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Great apes

Basic Rights Granted to Great Apes by Spain

Monday, November 17, 2008 by: David Gutierrez, staff writer
Tags: great apes, health news, Natural News


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(NaturalNews) Spain's parliament has passed a resolution urging the federal government to adopt specific legal protections for great apes, and the measure is expected to become law within one year.

The vote marks the first time that a national legislature has called for recognition of any nonhuman's right to life and freedom. Once the measure becomes law, it will be the first time that nonhumans have been granted formal legal standing.

The four great ape species (bonobos, chimpanzees, gorillas and orangutans) are humans' closest evolutionary relatives.

"This is a historic day in the struggle for animal rights and in defense of our evolutionary comrades, which will doubtless go down in the history of humanity," said Pedro Pozas, Spanish director of the Great Apes Project.

The Great Apes Project was formed in 1993 to advocate for the animals' rights to life, liberty and freedom from torture.

The resolution calls on the Spanish government to protect apes from "abuse, torture and death," and to internationally promote the demands of the Great Apes Project declaration. These demands include "the extension of the community of equals to include all great apes"; a prohibition on killing great apes except under "strictly defined circumstances" such as self-defense; a ban on imprisoning them without due process of law; and a ban on subjecting them to the "deliberate infliction of severe pain" for any reason, even one that is alleged to benefit others.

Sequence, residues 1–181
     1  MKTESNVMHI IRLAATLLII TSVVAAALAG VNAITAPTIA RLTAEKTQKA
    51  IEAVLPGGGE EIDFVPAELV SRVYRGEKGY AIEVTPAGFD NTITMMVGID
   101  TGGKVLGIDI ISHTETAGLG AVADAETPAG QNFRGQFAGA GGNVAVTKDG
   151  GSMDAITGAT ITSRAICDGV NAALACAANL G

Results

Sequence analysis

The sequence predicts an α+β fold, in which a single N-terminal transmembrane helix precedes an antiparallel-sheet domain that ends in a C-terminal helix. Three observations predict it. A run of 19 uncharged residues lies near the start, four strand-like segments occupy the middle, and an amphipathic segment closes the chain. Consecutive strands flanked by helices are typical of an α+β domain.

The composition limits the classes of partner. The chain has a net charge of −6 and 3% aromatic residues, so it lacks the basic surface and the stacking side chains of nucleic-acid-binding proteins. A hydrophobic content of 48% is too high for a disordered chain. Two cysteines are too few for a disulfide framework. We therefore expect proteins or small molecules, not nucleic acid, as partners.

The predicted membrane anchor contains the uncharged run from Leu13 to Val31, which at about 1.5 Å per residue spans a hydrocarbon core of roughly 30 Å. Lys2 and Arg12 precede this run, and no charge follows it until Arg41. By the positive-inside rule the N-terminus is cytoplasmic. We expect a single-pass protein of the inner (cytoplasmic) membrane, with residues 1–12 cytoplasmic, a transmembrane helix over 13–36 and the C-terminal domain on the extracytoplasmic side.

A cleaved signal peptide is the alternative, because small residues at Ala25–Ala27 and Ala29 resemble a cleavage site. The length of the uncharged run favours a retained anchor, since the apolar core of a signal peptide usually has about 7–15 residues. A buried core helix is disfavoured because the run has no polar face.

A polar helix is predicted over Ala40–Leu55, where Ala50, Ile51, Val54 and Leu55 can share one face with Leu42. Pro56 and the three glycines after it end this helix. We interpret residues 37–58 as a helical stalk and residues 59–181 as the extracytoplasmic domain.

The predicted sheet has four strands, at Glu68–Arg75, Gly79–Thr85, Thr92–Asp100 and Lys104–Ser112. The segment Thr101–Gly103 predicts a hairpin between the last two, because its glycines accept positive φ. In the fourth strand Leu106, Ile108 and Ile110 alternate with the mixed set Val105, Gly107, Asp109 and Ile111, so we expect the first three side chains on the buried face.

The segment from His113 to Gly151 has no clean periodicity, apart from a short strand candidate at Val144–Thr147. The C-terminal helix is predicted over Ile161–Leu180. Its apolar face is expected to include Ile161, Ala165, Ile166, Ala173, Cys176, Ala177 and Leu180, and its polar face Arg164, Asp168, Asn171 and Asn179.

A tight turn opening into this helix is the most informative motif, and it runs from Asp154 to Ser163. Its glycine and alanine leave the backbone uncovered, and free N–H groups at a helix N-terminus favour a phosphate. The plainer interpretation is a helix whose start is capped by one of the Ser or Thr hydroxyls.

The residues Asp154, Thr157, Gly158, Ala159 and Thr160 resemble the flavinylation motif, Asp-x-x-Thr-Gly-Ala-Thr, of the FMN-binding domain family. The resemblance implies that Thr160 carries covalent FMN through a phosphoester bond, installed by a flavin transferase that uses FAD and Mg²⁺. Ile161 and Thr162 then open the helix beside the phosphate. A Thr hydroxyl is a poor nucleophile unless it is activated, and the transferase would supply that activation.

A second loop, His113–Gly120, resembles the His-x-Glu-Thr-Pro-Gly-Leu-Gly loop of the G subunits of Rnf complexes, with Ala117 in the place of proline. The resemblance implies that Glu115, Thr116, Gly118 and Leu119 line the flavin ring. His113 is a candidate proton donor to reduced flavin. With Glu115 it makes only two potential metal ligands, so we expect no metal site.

Specifically, this would formally outlaw imprisoning apes for use in circuses, films, television commercials or scientific experimentation in Spain.

"We have no knowledge of great apes being used in experiments in Spain, but there is currently no law preventing that from happening," Pozas said.

The law would not prohibit keeping apes in zoos, but would require that minimum standards of care be complied with. According to supporters of the law, drastic improvements would need to be made in the conditions of 70 percent of Spanish zoos for them to be allowed to keep holding the animals in captivity.

Sources for this story include: www.reuters.com.

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